Greenville Hospital System — which already operates a Life Center that includes a health club facility for hospital employees, cardiac rehabilitation patients and the general public — plans to build two more similar health facilities in the county.

The club owners in the area, who have banded together with a local taxpayer group to form the Coalition for Healthy Competition, have complained that the hospital has moved too far fromits original intent, which is to provide good health care for citizens of the county. In addition, the two facilities would be located in markets that are already saturated, and the hospital, as a non-profit entity, enjoys unfair tax advantages over for-profit clubs, said Bob Provost, owner of the Greenville Racquet & Health Club, which would be 7/8th of a mile from one of the proposed clubs.

The coalition recently handed the hospital administration three variations on the hospital's plans for the wellness center after the administration met with the club owners and asked for their suggestions.

The first option suggests running the new facilities for employees and patients only. The second option is to lease out the fitness portion of the wellness project to an independent, for-profit operator. The last option would be to run the facility on a for-profit basis with a few caveats. Those caveats are that if the wellness center uses hospital money, then the for-profit division would pay a debt service on that money; that the for-profit division would pay real estate and property taxes on the property used; and that all sales taxes on supplies and equipment would be paid and that the facilities would pay state and federal income tax on any profits.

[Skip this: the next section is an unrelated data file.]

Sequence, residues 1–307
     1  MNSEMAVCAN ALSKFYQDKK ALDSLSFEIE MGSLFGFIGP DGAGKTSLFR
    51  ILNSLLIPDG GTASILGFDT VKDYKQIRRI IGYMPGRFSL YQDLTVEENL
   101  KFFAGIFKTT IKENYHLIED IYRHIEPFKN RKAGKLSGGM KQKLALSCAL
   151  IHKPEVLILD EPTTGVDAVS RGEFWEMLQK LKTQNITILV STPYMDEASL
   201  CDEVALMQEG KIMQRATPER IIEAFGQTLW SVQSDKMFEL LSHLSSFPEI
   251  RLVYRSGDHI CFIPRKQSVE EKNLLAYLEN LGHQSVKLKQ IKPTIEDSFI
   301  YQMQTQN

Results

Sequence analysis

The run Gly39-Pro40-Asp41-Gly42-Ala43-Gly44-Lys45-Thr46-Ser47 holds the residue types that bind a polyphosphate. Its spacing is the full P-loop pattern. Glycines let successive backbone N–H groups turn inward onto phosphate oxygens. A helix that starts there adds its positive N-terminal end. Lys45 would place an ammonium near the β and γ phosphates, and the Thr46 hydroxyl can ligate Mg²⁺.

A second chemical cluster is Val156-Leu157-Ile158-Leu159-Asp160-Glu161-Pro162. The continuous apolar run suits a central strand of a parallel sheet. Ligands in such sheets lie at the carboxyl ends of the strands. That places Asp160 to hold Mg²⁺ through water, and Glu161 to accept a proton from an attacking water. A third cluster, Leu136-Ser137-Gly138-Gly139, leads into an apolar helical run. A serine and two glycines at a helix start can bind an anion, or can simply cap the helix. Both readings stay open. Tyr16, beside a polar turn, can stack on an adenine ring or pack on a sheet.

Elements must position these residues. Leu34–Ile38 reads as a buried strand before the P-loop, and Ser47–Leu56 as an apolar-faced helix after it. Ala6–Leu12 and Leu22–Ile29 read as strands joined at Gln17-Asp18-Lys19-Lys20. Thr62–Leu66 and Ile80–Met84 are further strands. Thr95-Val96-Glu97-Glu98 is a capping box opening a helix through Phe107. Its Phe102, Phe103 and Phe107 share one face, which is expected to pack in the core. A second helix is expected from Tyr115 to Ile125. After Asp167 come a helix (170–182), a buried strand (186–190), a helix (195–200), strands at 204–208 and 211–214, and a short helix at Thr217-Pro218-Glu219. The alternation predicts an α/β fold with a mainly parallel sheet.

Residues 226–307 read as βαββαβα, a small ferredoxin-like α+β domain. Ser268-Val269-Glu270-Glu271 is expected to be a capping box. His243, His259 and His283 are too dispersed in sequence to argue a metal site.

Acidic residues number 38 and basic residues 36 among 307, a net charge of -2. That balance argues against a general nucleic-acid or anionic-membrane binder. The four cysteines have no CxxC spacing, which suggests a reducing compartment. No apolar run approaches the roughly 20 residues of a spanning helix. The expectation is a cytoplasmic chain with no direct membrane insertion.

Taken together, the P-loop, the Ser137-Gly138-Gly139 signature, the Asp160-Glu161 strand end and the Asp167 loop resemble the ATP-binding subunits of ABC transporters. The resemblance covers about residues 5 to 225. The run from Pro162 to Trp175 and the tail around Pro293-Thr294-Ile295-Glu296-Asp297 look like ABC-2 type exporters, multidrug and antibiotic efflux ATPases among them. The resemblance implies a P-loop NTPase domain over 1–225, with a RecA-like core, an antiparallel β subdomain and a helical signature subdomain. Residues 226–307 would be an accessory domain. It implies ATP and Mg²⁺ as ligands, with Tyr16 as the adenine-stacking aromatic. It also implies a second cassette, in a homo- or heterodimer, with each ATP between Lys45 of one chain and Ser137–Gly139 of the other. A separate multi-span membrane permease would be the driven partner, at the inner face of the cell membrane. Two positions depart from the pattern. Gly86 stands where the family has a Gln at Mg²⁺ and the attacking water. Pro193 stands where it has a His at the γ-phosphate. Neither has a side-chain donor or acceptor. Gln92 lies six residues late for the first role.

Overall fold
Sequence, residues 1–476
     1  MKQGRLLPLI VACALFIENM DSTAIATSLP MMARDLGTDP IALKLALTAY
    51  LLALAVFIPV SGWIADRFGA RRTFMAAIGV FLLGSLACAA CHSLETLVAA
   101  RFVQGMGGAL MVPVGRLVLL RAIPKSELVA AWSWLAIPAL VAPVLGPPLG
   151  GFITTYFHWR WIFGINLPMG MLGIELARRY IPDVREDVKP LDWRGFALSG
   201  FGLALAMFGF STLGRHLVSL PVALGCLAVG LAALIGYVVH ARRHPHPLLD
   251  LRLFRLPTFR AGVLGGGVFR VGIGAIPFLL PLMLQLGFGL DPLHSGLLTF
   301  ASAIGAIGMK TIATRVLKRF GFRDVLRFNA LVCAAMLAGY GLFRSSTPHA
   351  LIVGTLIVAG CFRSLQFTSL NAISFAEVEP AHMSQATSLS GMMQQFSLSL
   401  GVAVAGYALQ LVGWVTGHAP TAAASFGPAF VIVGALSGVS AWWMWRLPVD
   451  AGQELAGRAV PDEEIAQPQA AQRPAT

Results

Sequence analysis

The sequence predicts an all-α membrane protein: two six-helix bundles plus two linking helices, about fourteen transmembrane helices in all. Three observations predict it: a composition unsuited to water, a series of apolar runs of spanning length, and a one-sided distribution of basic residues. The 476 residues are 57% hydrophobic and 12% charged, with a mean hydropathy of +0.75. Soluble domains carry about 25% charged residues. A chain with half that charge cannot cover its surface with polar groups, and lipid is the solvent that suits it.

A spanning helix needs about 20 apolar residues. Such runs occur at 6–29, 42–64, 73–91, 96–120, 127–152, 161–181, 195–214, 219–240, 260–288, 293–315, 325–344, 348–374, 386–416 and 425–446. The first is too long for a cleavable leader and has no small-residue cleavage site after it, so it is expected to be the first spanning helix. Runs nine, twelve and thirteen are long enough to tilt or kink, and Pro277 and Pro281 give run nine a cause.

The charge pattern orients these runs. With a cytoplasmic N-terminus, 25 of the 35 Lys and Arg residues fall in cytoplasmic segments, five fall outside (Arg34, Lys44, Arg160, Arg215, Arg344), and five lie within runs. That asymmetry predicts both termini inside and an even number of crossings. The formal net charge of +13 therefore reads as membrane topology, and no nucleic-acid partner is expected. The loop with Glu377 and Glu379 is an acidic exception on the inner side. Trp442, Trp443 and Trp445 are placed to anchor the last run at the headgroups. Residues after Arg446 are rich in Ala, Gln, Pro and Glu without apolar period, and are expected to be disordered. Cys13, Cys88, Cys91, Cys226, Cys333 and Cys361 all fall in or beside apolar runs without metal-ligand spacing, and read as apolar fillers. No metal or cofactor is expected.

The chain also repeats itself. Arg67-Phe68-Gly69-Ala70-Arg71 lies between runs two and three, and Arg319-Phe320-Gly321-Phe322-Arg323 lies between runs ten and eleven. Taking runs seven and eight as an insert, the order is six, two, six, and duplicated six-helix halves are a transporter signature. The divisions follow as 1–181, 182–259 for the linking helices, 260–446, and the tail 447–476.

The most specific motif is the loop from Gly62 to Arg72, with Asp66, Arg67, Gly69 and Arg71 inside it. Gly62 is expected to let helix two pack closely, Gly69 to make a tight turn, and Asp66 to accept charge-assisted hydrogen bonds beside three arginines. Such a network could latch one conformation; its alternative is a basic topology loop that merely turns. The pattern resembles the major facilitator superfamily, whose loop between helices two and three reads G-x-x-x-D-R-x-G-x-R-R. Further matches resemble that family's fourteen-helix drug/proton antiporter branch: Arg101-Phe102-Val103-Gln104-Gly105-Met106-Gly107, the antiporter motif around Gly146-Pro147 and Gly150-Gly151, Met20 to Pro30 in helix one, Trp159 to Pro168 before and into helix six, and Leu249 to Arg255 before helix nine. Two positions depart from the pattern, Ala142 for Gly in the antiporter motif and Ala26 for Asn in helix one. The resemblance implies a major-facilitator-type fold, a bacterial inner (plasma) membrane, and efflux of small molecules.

The hospital's current health club — which has 500 cardiac patients, 1,500 hospital employee members and 4,000 members from the community — includes amenities such as a swimming pool, running track and weight equipment, as well as cardiac rehabilitation. The hospital system plans to provide similar amenities at the new facilities. Provost's 60,000-square-foot club is a multipurpose center that already offers locals an indoor and outdoor track, a swimming pool, basketball, racquetball, indoor and outdoor tennis and cardiovascular, strength and weight equipment.

George Gagnon is owner of Greer Athletic Club, a fitness-only facility near the site of the second planned facility in Greer, S.C. He also is part of the club coalition.

“We don't mind competition — we aren't afraid of that,” said Gagnon. “We just want fair competition. Our goal is to stop these facilities and bring the hospital system to accountability.”

If the clubs are built, Provost and Gagnon say that all hope is not lost although some of their membership may be.

“We'd just have to plan to beat them at the game of the club business with better classes, better attention to needs, a cleaner facility, keeping up with the best equipment, and having the most up-to-date classes,” Provost said.

The hospital plans to begin constructing the first facility in January 2004 with construction expected to take 18 months.

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